So many newly sprung buds and flowers to be seen around here — also some not so lovely, even ugly things in my garden. One of the most pure and fresh is the bloom on the plum trees:
I spent hours in the garden over the last few days; one task was to provide some more strings for the snow pea plants that keep growing up and up and have even formed two infant pods so far. Why do they keep on – how do they do it, on the stems that seem rotted and dried near the ground?
I wouldn’t be surprised if I go out one morning and find that they have keeled over, but strangely, life flows through those brown and emaciated tubes. The sugar snap peas did not survive long enough to get flowers, and I removed them yesterday as well.
Evidently being beaten down by rain and then frozen every night is not their idea of seasonable weather. Truly, October is the month we are supposed to plant peas in our area, but this hasn’t been a typical year weather-wise….
For a week we’ve been having more frosts, so I brought the Christmas Cactus indoors by my computer table and it is giving us Christmas in March.
The arugula and pak choi have gone to flowering, so I pulled them out and planted some parsley and new pak choi, purple this time. From the flowers you can guess that it is in the Brassica family.
This first week of Lent we have so many wonderful services, I’ve been at church a lot, and am glad to have my phone with me so I can save images like this. Somehow the camellia escaped getting brown spots from being constantly wet. It is giving us a picture of the purity and beauty that is God’s will for our souls.
Kate visited me from Washington DC for a few days – it was a joy. When your children are spread over thirteen years, they don’t all get the same upbringing or hear the same stories. We went to the beach and sat on a log for a long time talking and catching up.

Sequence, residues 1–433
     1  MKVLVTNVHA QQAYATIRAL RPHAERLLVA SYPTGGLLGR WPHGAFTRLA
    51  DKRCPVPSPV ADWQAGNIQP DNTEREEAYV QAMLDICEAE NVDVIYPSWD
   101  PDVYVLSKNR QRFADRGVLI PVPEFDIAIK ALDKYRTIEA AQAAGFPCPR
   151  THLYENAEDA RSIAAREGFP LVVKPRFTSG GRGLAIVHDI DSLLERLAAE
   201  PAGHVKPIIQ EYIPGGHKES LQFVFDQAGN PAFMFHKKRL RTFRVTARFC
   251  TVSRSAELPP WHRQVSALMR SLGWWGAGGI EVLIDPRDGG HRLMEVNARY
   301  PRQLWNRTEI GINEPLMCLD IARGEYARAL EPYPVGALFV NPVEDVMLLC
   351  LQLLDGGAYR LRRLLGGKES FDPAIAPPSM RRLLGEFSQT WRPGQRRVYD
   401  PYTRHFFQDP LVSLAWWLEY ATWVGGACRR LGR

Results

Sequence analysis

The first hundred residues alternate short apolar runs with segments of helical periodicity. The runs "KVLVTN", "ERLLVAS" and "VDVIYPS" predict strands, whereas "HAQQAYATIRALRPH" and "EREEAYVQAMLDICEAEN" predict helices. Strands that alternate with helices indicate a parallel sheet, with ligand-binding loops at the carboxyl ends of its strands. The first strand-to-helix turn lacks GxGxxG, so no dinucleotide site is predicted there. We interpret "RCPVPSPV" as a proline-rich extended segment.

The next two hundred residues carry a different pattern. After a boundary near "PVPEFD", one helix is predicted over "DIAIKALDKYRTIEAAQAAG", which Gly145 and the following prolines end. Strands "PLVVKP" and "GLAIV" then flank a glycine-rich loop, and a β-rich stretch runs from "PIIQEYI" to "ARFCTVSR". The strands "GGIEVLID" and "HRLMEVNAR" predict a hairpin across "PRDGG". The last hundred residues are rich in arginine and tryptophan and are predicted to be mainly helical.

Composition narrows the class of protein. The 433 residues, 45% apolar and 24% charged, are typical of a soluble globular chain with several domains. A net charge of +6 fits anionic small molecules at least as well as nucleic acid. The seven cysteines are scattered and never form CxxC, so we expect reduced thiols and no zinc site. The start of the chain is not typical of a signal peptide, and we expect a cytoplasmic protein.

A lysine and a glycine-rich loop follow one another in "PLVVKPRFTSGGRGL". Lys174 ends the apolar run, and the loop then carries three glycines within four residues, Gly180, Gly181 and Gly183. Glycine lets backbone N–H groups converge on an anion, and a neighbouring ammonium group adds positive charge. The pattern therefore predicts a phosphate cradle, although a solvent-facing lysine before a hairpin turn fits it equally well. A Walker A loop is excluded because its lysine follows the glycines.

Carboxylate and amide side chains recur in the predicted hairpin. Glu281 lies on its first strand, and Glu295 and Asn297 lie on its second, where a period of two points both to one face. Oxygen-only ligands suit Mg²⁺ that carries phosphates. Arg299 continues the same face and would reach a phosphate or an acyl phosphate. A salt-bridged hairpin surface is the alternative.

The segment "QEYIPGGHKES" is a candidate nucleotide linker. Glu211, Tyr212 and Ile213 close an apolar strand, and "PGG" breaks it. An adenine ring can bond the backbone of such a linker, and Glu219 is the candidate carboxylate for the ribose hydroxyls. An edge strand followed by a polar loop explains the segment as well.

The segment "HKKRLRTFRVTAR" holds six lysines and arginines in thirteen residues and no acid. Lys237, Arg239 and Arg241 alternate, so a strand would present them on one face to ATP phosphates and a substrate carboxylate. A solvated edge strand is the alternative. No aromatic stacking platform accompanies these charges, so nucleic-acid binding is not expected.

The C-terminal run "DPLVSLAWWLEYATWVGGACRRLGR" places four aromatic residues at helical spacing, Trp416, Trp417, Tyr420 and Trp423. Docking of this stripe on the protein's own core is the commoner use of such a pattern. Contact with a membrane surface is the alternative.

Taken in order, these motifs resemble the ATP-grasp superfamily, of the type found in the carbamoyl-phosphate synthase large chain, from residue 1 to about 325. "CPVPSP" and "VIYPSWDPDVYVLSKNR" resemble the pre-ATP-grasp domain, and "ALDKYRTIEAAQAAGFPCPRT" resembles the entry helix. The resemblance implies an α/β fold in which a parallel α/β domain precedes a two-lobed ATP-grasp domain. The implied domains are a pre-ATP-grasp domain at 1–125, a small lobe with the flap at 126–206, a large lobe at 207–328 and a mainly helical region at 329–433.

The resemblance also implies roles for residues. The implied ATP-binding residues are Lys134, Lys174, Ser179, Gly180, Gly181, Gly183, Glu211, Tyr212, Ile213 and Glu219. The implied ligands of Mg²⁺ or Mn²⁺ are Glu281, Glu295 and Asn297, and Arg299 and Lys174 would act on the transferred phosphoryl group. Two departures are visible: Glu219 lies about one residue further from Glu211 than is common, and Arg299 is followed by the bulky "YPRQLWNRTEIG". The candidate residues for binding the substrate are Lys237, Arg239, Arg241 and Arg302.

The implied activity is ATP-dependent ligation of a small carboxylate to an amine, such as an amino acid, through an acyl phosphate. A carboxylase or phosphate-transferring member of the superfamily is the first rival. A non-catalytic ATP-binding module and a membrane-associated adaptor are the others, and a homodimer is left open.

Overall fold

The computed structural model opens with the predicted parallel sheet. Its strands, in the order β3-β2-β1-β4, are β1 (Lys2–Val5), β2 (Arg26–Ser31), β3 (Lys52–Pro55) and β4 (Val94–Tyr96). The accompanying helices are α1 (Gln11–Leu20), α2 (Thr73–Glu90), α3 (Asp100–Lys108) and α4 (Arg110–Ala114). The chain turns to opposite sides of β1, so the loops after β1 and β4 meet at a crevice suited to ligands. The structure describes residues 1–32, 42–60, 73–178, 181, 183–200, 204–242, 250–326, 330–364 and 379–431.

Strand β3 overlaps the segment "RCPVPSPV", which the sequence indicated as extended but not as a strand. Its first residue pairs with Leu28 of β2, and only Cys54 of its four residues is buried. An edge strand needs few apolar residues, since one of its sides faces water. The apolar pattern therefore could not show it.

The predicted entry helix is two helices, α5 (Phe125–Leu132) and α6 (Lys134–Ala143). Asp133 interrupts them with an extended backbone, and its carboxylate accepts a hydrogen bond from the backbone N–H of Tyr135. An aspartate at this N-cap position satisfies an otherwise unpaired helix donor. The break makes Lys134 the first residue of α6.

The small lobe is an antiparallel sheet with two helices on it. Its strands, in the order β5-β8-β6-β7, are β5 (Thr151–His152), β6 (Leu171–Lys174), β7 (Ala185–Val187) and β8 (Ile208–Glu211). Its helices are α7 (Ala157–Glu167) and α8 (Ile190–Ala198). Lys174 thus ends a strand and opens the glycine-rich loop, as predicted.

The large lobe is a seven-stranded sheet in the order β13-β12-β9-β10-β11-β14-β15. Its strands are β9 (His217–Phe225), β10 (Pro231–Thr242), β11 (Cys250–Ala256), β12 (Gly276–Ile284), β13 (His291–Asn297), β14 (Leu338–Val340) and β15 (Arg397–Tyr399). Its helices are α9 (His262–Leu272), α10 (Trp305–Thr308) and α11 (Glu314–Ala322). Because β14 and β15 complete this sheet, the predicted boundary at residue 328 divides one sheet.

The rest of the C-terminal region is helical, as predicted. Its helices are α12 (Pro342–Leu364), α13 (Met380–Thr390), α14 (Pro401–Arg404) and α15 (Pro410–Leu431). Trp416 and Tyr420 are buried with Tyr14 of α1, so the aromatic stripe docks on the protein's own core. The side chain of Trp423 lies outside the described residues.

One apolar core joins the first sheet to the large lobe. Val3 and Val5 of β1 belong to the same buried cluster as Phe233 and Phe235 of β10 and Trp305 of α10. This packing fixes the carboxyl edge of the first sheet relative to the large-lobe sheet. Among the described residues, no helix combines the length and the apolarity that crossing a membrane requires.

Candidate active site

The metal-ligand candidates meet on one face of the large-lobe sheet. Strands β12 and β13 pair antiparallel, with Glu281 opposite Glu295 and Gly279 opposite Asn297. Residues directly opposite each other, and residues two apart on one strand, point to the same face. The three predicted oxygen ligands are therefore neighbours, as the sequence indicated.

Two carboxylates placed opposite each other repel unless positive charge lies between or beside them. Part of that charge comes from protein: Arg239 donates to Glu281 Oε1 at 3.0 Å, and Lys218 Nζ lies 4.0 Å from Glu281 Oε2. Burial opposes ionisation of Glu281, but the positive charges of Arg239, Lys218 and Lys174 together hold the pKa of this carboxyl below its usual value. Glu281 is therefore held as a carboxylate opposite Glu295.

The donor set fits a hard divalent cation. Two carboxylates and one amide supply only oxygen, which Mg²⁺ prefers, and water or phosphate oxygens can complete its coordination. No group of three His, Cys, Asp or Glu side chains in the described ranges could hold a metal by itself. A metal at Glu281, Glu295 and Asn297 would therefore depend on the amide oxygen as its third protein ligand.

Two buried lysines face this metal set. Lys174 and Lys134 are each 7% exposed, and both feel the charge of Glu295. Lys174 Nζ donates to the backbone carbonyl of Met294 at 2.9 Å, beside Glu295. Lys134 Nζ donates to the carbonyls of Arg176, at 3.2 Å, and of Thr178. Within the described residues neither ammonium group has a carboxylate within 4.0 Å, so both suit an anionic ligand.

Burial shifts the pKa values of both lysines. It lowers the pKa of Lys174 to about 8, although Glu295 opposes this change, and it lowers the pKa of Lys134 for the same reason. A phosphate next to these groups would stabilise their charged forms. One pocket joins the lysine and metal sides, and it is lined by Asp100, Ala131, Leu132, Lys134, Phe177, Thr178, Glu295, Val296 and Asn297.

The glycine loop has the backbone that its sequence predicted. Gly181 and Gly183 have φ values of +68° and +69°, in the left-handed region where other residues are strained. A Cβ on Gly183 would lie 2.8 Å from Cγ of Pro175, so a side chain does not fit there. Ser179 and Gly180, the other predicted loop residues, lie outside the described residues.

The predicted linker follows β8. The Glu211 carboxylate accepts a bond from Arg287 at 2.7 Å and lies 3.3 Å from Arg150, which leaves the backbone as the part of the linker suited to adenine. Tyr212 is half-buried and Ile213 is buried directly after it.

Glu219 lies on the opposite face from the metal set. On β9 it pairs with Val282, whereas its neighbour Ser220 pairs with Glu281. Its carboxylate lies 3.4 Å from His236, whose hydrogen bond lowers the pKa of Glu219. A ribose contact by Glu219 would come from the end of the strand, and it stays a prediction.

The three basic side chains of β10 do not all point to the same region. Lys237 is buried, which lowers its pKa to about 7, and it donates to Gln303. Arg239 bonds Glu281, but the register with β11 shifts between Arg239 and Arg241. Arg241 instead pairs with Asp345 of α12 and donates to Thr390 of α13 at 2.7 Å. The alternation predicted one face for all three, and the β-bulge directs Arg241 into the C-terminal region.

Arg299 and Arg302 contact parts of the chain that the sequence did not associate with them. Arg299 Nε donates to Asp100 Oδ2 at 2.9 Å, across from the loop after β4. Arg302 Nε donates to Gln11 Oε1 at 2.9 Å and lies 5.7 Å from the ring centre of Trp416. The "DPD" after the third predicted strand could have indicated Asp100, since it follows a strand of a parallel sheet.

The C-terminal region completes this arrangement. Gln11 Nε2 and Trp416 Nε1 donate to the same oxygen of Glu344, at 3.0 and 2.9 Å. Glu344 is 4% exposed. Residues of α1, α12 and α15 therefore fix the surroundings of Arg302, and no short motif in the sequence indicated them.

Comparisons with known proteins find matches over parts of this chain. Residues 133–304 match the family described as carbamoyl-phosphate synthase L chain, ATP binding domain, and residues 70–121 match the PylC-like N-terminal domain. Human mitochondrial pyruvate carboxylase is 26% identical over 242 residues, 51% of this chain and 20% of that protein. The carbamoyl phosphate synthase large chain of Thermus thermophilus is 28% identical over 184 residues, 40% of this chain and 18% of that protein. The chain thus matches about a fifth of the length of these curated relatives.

Kate was married just over a year ago near where we went to the beach, in Bodega, at what we fondly called The Birds Church. The fish-n-chips place where we ate in the nearby town of Bodega Bay is called The Birds Cafe. Alfred Hitchcock’s imagination has left an ongoing legacy.
Down on the shore the birds were not scary. Kate took pictures of a gull who hung around our log for quite awhile until he figured out that we didn’t have food. The sandpipers were more naturally seeking for their more natural food. It was the balmiest day I can remember on our typically frigid beaches; even the breeze was warm.
Kate helped me draft a note to leave in neighbors’ mailboxes, asking “Do you have a plum tree?” You see, I fell in love with the Elephant Heart plums that are growing at Pearl’s new house in Davis; they are the best plums I have ever eaten. Though I hadn’t given plum trees a thought before June, I’ve now got it in my head and on the landscaping plans that I will plant one of these trees in my refurbished back yard. These pictures are of fruits that I brought back from my last visit to Pearl.
They are not self-pollinating, so I either need two of them or I need to know that there is another tree in the neighborhood that can be a pollinator. Either another Elephant Heart plum or a Santa Rosa plum will do. I’d rather not have two plum trees, as my yard isn’t that big, and I am not that ravenous for plums. So I hoped to discover another suitable tree around here.
I first asked the neighbors whom I already know. The ones I didn’t know, on my street and the street behind me, I asked by means of my explanatory note, a paragraph with that grabber question at the top, which I dropped off yesterday afternoon. This afternoon two people who received the notes phoned to say that they do have Santa Rosa plums! My tree will be right in the middle of those two trees, as the bee flies.
And now I have two new friends, Rich and Dale. Dale has more than 20 fruit trees in his back yard! Rich planted his Santa Rosa plum as a pollinator for a Satsuma plum that he loved. Next summer we will get together and trade plums — yum.